DAVAO CITY – Fresh from winning the 2022 Philippine Cacao Quality Awards (PCQA), three cacao farmers from this city will represent the Philippines in the 2023 International Cocoa Awards at the Salon du Chocolat in Paris, France.
Department of Agriculture Regional Executive Director Abel James I. Monteagudo said that these cacao farmers are Judith Gabasa of Bagong Silang and Policarpo Enricoso Jr. of Barangay Saloy in Calinan District and Melina Villaflor of Callawa, Buhangin District.
The event will be held from Oct. 28 to Nov. 1.
Monteagudo said that Gabasa, Enricoso, and Villaflor bested 100 entries from all over the country during the PCQA held in Butuan City last year.
He said that Davao region has what it takes to be known globally for cacao because its “chocolate products are at par with the best in the world.”
Founded in 2008, the Cocoa of Excellence (CoEx) Programme is being conducted every two years to recognize “quality, flavor, and diversity of cocoas according to their origin.”
The CoEX Programme is the “entry point for cocoa producers to participate in the International Cocoa Awards (ICA), a global competition celebrating the diversity of cocoa flavors and recognizing the skills and know-how of the men and women who produce it.”
Monteagudo said that the agency would strive to make the region produce more “best cacao beans” and “empower more award-winning cacao farmers, chocolatiers, and entrepreneurs to be globally competitive.”
He added that cocoa processors in the region are “scaling up,” many of them are venturing into the international markets like the United Arab Emirates and the US which have preference for dark chocolates from the Philippines.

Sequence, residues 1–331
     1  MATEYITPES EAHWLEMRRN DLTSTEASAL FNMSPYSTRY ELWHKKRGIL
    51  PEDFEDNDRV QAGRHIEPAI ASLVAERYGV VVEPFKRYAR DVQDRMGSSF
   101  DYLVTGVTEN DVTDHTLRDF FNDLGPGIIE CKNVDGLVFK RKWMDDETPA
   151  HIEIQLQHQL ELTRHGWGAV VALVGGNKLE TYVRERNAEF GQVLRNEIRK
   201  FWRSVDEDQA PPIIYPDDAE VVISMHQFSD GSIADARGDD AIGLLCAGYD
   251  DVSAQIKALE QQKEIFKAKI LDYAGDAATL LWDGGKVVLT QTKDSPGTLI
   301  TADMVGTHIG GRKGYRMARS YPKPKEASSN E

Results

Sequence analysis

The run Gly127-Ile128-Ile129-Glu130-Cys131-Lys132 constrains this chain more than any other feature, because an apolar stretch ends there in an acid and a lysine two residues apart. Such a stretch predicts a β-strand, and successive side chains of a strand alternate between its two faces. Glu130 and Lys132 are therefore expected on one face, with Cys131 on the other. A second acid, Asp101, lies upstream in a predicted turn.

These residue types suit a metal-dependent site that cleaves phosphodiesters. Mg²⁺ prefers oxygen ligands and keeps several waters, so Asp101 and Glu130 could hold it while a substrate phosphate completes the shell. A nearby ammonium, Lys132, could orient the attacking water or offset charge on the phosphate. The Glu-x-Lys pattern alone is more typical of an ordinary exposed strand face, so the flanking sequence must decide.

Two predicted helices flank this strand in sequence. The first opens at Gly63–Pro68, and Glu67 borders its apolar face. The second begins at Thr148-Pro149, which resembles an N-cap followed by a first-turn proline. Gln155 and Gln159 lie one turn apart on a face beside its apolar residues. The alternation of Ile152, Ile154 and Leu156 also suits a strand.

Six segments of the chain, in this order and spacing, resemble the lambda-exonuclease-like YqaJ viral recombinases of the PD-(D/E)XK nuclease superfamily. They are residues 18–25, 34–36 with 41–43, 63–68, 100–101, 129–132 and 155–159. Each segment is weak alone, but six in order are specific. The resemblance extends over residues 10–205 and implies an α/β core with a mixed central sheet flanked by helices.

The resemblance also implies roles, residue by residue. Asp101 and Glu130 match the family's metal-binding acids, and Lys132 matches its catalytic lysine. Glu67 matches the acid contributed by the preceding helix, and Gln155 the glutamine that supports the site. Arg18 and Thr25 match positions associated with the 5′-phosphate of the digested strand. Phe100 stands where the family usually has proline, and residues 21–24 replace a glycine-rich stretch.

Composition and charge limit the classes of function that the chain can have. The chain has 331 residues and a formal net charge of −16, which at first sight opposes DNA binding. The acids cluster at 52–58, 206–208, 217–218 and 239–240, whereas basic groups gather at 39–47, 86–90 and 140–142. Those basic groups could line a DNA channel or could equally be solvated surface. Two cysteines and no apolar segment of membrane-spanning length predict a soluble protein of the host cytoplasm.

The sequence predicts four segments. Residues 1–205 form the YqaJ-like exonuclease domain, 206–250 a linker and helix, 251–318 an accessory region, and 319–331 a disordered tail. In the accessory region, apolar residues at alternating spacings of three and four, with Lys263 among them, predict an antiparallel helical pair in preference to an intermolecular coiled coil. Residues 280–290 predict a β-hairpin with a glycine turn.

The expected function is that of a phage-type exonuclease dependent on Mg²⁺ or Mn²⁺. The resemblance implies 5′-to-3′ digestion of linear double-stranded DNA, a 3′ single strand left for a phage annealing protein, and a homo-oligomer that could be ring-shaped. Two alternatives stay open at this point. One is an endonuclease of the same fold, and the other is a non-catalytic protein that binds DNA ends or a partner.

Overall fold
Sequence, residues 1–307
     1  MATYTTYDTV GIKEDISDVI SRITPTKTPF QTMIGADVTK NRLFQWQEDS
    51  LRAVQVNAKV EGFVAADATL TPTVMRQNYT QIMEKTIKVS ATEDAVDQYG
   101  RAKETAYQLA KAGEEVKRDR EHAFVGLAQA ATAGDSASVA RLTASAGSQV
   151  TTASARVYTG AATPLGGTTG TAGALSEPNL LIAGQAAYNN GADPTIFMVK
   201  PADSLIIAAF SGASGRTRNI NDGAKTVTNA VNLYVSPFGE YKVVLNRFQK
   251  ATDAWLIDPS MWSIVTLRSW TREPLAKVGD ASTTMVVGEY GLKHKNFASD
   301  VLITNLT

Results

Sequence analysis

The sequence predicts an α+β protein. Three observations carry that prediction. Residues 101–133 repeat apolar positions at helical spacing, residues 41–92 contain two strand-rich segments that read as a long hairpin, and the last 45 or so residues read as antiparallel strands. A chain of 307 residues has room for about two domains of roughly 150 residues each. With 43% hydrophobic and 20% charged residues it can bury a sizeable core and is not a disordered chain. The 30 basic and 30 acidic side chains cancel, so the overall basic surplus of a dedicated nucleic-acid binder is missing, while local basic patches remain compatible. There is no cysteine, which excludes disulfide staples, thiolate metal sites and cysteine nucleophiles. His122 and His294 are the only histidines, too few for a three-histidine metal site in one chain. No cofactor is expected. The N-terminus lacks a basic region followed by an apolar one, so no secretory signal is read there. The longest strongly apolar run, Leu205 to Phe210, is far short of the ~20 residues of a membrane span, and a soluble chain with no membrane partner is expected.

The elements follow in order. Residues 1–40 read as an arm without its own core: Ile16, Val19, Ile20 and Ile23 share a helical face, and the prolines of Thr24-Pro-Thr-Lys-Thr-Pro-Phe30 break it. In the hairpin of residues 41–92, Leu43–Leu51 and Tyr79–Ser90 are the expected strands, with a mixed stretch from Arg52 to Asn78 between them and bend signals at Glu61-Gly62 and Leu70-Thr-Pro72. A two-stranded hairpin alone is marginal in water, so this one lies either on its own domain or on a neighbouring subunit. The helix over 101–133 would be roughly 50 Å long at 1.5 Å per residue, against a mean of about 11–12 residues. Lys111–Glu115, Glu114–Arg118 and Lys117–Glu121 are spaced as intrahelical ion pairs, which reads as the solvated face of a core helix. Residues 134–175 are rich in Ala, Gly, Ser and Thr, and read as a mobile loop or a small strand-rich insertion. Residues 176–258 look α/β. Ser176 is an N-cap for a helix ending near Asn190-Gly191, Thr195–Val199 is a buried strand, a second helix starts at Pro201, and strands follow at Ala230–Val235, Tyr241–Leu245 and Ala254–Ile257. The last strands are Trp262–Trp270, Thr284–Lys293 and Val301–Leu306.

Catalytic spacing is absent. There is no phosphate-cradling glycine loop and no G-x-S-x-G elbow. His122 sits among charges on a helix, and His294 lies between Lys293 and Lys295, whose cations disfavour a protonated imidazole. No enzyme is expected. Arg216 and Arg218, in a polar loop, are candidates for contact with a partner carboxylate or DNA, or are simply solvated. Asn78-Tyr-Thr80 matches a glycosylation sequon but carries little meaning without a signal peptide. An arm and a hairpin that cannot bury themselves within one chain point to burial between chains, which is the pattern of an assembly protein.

According to the Philippine Statistics Authority (PSA), cacao production in the country during the first quarter of 2023 slightly declined to 2,350 metric tons from 2,380 MT in the same period of 2022.
Out of this total, Davao region produced 1,800 MT or 76.7 percent while the remaining 23.3 percent came from the combined output of the other 15 regions in the country.
He said there is a growing demand for cacao in the global market.
Monteagudo said local supply could not meet the high demand from domestic and international markets which present a huge market opportunity for the local farmers.
Acknowledging that the Philippines may not be able to compete with other countries that produce high volumes of cacao, he said the government is focusing on improving the “quality” of the beans.
Under Republic Act 11547 passed in 2021, the entire Davao region has been declared as the cacao capital and Davao City as chocolate capital of the country.
The law recognizes “importance of cacao as a driver of rural development not only because of its singular potential as a raw material that can increase the country’s export earnings tremendously, and put the name of the country in the map for producing the finest chocolate beans, but for having provided livelihood to many small farmers in the countryside.”